There is also a lot of talk about clothes that are trans-seasonal, mostly because of the current buying power of those who live in the Sun Belt. Tropical wools are becoming a winter fabric. Sweater styles that used to be of wool, and strictly for the cold months, are now knit in heavy cottons or combinations of cotton and silk or wool.
Jhane Barnes achieves this modern lightness and comfort with the textured fabrics she uses for shirts, trousers and sport jackets that appear to be winter weight but are, in fact, light to the touch.
The technology Barnes uses in the weaving and knitting process of her fabrics adds subtle, abstract dimensions for a weighty look, which makes her clothes look daringly new and yet wearable for such traditional activities as the 9-to-5 grind. One pattern in a jacket resembles stacks of skyscrapers. A traditional letterman’s jacket scores new points with textured, geometric-patterned sleeves. And what might appear to be a basic, white dress shirt is actually woven into a complicated Jacquard and has a collar that stays put via buttons hidden under the collar points.
Paul Bianculli and Victor de la Rosa say they are also stimulated by fabric technology. They give pattern and texture their signature, woven looks in chain-link motifs, adding machine and stick-man designs that they mix in a single outfit. Sweaters have cotton mixed with the wool for lightness, and many are reversible.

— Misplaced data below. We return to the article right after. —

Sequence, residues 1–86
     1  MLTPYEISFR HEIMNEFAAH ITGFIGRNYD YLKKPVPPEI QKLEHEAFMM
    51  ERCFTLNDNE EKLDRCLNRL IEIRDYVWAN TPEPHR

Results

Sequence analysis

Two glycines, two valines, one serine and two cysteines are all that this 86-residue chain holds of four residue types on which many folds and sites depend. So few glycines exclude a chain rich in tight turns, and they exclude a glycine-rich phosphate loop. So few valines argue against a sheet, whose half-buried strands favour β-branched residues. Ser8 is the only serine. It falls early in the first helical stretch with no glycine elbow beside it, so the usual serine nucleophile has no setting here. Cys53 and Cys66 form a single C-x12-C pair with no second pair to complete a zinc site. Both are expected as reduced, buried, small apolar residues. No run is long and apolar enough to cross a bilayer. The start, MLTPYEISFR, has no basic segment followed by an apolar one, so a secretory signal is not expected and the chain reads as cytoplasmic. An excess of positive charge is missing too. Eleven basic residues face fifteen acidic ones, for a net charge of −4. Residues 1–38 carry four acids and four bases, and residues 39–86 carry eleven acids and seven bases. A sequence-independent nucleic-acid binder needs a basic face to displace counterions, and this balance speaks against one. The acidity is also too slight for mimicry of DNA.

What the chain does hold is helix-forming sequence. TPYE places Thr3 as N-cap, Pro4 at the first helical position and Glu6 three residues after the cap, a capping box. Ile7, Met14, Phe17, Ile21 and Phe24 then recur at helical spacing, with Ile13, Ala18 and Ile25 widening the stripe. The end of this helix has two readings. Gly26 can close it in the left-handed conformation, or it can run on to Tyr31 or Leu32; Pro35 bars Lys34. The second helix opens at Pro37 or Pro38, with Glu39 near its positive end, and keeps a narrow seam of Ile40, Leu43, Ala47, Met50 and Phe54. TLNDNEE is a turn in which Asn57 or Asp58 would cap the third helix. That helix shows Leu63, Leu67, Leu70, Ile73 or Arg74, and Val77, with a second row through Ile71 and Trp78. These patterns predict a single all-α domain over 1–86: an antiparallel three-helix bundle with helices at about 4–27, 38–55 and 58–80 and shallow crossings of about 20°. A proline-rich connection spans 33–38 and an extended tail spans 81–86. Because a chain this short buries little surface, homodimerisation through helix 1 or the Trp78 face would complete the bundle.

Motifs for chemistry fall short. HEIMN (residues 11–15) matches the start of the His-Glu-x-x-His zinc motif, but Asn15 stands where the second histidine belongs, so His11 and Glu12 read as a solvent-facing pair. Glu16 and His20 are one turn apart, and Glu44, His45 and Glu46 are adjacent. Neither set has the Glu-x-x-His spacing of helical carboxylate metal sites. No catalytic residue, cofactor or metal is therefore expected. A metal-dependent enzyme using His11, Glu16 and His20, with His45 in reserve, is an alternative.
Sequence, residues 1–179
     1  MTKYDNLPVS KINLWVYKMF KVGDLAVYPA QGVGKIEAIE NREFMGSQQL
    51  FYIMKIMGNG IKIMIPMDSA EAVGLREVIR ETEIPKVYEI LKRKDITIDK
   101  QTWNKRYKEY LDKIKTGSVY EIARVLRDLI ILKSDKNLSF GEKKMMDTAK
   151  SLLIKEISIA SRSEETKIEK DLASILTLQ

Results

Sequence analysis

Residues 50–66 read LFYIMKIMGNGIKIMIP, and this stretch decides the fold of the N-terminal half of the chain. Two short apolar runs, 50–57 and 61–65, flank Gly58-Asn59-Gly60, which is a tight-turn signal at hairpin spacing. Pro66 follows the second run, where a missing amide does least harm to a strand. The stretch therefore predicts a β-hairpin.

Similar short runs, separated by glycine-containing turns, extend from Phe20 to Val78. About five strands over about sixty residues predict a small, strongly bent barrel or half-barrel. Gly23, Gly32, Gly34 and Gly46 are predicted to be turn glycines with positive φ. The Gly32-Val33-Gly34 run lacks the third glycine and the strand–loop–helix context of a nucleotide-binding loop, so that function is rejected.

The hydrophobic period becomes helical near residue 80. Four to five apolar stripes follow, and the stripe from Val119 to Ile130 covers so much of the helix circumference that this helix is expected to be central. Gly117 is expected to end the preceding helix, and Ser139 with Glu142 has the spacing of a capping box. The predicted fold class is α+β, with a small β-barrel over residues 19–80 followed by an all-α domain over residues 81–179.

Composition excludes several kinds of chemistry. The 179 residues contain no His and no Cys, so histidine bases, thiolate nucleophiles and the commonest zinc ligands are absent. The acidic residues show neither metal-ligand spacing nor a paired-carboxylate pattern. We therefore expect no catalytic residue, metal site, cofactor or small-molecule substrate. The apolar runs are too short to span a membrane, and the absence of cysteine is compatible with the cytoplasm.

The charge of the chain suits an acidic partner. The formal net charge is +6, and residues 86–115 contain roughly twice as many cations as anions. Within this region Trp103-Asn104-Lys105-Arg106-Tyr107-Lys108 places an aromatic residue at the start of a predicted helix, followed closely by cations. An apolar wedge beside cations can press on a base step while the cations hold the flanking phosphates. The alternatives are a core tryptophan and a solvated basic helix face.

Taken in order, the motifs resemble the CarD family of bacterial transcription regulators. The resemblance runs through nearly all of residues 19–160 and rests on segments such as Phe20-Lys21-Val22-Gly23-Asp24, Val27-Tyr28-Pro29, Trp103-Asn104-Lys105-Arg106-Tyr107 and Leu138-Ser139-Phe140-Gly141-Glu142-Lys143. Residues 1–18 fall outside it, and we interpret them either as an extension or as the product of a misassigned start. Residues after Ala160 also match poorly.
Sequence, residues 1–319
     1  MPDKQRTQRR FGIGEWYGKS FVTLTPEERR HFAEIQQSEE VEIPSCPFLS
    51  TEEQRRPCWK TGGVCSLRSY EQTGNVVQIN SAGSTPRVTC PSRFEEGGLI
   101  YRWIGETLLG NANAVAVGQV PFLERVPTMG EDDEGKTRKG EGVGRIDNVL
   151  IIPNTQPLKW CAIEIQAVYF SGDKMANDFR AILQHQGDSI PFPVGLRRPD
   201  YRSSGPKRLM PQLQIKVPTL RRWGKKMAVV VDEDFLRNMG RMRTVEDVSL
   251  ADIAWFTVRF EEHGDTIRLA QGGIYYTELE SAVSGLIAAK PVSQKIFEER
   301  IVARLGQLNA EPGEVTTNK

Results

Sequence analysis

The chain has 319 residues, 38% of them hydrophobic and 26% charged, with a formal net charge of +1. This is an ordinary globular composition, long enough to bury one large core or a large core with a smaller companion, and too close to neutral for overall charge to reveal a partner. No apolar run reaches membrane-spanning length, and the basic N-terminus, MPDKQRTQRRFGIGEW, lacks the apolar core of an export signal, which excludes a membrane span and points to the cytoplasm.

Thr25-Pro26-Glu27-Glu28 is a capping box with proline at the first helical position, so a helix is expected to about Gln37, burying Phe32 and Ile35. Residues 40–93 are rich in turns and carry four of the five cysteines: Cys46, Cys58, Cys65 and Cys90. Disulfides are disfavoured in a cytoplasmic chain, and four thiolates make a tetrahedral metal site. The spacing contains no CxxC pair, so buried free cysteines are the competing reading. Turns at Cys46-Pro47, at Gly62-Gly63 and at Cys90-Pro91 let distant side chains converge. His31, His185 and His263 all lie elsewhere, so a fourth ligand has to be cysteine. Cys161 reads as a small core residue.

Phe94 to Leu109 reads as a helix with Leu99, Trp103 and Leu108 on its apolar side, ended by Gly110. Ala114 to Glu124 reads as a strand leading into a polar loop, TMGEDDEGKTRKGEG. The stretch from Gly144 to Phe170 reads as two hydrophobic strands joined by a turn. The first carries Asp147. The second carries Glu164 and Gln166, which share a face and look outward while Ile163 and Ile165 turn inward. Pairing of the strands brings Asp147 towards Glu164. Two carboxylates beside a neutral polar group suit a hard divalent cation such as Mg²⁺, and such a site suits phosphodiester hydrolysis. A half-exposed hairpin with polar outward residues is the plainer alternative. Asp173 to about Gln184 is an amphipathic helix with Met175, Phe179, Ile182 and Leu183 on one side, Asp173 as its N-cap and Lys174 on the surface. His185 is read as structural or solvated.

Nancy Heller, who is introducing her first full menswear line for fall, and Mary Jane Marcasiano both do collections for the modern man who wants easy, relaxed and comfortable clothes for all occasions.
Marcasiano’s traditional tailored pants are softer in wool jersey and souped up with a dot pattern. Her gray wool-fleece sweat shirt, pants and soft sport jacket are the perfect work uniform for a man who does not have to abide by anyone’s dress code but his own.
For evening, black rayon-velvet draped pants, a black rayon belted shirt-jacket and a white striped silk pajama shirt make up what one might call her “alternative” ensemble.
Ronaldus Shamask’s first full collection for men combines elements that result in a look both elegant and relaxed--a perfect compromise for the man making wardrobe choices in the mid-'80s. He calls it “totally modern but not fashion victim.” His navy blazer with diagonal chest pocket and pants with drop, loop waistline look both office-acceptable and relaxed in knit wool jersey.
Bill Robinson also opts for a modern concept of dressing for his first collection under his own name. Robinson creates a streamlined, effortless look with a broad-shouldered, slightly-fitted suit that accentuates the male body in an easy way. His zippered turtleneck top under zippered double knit collarless cardigan sweater looks both sophisticated and comfortable.
Other modern approaches for fall: Andrew Fezza’s iridescent rayon shirts in geography patterns and shirt-jacket that buttons to the top of the neck; Men Go Silk’s oversize shirts, pants and sweaters and patterned jackets in machine-washable silk; Marienbad’s fuzzy Angora sweaters; Denise Carbonell’s square-shaped suits in offbeat, colored checks such as red with pink, aimed at the “creative professional.”